Minnetonka is poised to get a new skate park, after a local teacher and a group of young skaters encouraged city leaders to replace the community's aging facility.

The existing Glen Lake Skate Park, on Excelsior Boulevard, is over a decade old. Its ramps are dangerous to ride on, and equipment is sinking into the blacktop.

"They currently have a very small — and I won't even call it a park — we call it 'the skate spot,' because it's just some kind of old, shoddy equipment that never gets used," said Else Goll, a math teacher at Minnetonka Middle School East who helped students advocate for a new skate park.

The City Council is scheduled to give feedback Dec. 7 on plans for the new park, which will be five times bigger than the existing, 4,000-square-foot park. The new facility is expected to open in fall 2024, according to city staff. Three to four potential sites are being considered, though the city has not yet made them public.

The updated skate park is estimated to cost $1 million to design and construct. Of that, $600,000 will come from Minnetonka's Community Investment Fund, $300,000 from state and county grants and $100,000 from the city's Park & Trail Improvement Fund.

The park will likely be a hybrid of two styles: a traditional street plaza style with rails and stair sets, as well as a more flow-based design with smaller skate bowls, said Matt Kumka, Minnetonka's park and trail project manager. Plans will incorporate public art and environmental sustainability, he said.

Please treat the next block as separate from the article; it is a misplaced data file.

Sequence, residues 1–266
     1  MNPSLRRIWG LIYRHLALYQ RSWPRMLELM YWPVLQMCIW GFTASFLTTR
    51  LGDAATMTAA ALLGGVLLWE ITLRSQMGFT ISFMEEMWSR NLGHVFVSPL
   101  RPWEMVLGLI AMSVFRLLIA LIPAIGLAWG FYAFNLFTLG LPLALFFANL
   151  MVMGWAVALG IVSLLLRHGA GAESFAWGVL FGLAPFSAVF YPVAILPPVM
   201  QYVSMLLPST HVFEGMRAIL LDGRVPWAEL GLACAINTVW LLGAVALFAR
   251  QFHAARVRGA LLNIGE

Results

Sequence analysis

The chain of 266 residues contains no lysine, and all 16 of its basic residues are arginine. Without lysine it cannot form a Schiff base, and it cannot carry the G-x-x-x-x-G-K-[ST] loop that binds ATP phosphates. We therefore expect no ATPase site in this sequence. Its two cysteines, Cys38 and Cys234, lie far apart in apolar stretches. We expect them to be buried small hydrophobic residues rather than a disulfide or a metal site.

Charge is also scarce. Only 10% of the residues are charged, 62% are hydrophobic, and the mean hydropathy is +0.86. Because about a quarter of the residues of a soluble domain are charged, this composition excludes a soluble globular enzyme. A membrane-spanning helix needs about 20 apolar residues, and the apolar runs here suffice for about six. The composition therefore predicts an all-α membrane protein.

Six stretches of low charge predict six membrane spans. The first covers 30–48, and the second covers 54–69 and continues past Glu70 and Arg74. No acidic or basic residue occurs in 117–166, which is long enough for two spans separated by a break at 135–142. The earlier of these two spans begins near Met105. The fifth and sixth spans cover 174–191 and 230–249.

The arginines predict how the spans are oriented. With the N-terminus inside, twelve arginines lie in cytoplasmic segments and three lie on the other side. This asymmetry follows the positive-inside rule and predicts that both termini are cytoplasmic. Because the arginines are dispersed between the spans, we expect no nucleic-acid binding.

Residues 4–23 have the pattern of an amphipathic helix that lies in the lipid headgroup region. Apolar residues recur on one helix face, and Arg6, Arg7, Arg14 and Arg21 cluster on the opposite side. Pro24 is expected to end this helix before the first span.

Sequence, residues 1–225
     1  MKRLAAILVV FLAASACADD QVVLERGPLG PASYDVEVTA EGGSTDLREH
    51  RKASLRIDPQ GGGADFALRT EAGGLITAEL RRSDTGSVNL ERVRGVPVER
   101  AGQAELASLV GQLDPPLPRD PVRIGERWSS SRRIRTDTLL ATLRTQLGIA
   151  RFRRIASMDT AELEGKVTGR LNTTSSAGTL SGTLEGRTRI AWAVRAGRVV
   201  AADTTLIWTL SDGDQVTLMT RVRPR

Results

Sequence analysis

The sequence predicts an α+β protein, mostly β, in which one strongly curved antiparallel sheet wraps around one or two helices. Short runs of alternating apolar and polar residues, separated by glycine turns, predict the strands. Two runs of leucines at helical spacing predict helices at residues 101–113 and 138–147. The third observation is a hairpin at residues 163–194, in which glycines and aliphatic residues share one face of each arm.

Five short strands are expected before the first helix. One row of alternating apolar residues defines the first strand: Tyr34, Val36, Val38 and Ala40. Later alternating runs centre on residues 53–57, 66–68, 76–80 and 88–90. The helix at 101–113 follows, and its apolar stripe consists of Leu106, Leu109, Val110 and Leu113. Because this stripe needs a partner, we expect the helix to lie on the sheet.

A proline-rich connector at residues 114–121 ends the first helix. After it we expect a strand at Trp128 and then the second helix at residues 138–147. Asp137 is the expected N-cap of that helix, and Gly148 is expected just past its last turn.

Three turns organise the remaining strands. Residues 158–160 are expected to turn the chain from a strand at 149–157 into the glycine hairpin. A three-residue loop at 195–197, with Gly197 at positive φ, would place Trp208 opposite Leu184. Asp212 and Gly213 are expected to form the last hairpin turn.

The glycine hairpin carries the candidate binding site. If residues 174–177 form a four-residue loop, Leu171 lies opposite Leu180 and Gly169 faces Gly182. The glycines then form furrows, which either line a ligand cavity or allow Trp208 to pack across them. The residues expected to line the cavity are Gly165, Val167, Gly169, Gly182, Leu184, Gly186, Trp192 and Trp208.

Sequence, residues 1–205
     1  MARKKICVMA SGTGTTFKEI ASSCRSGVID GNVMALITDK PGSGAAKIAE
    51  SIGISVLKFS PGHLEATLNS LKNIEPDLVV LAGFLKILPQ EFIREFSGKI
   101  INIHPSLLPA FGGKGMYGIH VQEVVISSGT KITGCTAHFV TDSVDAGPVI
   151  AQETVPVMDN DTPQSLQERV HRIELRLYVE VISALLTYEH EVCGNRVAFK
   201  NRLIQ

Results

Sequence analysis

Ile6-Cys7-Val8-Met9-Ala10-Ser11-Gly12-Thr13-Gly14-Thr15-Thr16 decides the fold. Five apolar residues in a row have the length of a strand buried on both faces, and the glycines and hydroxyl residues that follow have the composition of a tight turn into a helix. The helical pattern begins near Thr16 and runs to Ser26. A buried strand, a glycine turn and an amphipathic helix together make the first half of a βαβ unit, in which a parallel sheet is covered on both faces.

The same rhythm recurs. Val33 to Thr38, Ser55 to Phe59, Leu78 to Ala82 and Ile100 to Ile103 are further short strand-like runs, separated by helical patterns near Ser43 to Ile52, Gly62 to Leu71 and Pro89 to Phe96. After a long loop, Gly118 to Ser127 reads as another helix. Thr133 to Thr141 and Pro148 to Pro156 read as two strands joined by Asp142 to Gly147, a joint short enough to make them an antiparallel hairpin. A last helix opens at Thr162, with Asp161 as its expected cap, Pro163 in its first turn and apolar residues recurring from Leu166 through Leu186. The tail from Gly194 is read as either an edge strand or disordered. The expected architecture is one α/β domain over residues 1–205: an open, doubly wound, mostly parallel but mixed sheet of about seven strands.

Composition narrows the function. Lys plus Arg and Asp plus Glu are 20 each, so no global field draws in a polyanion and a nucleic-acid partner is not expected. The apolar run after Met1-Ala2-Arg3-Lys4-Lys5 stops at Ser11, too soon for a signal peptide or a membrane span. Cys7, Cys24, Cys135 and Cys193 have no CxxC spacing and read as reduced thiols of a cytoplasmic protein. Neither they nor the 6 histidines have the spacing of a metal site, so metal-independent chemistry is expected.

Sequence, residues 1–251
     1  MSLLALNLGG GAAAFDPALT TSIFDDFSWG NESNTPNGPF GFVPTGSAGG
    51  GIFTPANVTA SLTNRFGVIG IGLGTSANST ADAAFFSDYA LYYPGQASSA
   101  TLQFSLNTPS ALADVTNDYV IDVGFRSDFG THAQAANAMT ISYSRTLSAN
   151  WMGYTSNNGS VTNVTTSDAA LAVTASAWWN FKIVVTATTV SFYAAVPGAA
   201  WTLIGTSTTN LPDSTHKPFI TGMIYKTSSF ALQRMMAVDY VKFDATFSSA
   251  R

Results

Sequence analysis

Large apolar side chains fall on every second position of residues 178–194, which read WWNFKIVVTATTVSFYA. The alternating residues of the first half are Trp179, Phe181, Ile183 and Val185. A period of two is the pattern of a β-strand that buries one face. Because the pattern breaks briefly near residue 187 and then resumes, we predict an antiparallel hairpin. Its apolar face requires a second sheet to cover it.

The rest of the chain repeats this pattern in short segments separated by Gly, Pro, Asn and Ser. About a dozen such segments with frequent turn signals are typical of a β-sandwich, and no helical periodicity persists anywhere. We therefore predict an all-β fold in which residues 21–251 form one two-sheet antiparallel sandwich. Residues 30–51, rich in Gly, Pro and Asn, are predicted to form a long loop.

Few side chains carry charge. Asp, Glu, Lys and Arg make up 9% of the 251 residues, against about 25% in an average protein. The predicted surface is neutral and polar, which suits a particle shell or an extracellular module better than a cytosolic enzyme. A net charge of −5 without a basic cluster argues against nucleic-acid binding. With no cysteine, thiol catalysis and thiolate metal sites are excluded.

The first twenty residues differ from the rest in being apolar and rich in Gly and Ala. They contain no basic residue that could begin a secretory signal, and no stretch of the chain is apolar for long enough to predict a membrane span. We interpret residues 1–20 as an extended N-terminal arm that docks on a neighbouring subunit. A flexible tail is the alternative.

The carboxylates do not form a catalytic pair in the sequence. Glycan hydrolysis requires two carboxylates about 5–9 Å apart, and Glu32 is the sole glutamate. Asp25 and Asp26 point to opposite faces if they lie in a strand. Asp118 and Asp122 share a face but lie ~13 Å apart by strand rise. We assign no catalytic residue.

"This could end up being a pretty special regional park that isn't like anything else in the Twin Cities," Goll said.

Minnetonka is one of 35 cities in Minnesota looking to build new skate parks, said Paul Forsline, president of City of Skate, a nonprofit organization advocating for more skate parks throughout the Twin Cities. The group has lobbied the state Legislature for a $15 million grant program that would provide matching funds for skate park construction and renovation.

"There's a true need for quality skate spaces in Minnesota, and it's not going to go away, and these communities actually need the resources to build them properly," Forsline said.

About five years ago, Goll started the Minnetonka Skateboard League at Minnetonka Middle School East with about 30 students. The group grew to more than 70 students before the COVID-19 pandemic, Goll said, and about 50 participated last year.

"It's a sport that's not a team sport, but you're also not alone in it," said 12-year-old Preston Snyder, who joined the League last year. "Because if you keep failing a trick over and over again, everybody else at the park is right there with you, cheering you on."

For years, Goll said, the group has had to leave Minnetonka to skate, opting instead for the 3rd Lair Skate Park and Skate Shop in Golden Valley.

Young skaters say they're hopeful they'll soon have a place to skate that's closer to home. Kumka said the city plans to involve skaters from the League in the planning process.

"I want a skate park out here ... I think that if they can do that, it can bring, obviously, new skaters to the community," said Gavin Barrett, a 13-year-old skater in the League. "And they can also give people that already skate in Minnetonka a park to go to that's free."